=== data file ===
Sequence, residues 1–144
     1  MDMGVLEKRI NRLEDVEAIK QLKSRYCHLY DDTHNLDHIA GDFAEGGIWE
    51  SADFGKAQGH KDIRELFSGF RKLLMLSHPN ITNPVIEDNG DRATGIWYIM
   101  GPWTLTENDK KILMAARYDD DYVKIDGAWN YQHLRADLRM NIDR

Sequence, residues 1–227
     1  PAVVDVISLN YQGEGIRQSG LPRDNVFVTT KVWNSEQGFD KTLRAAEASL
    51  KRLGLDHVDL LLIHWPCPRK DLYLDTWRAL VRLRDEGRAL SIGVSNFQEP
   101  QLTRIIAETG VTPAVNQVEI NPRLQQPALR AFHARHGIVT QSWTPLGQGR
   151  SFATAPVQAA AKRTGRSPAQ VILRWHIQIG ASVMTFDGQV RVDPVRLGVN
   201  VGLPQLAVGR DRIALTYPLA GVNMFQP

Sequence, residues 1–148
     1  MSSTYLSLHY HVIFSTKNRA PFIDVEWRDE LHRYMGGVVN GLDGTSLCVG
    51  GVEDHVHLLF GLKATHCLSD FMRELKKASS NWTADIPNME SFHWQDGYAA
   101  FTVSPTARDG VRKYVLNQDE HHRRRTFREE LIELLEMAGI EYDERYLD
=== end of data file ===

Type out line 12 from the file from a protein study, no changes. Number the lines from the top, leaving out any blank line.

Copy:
     1  MSSTYLSLHY HVIFSTKNRA PFIDVEWRDE LHRYMGGVVN GLDGTSLCVG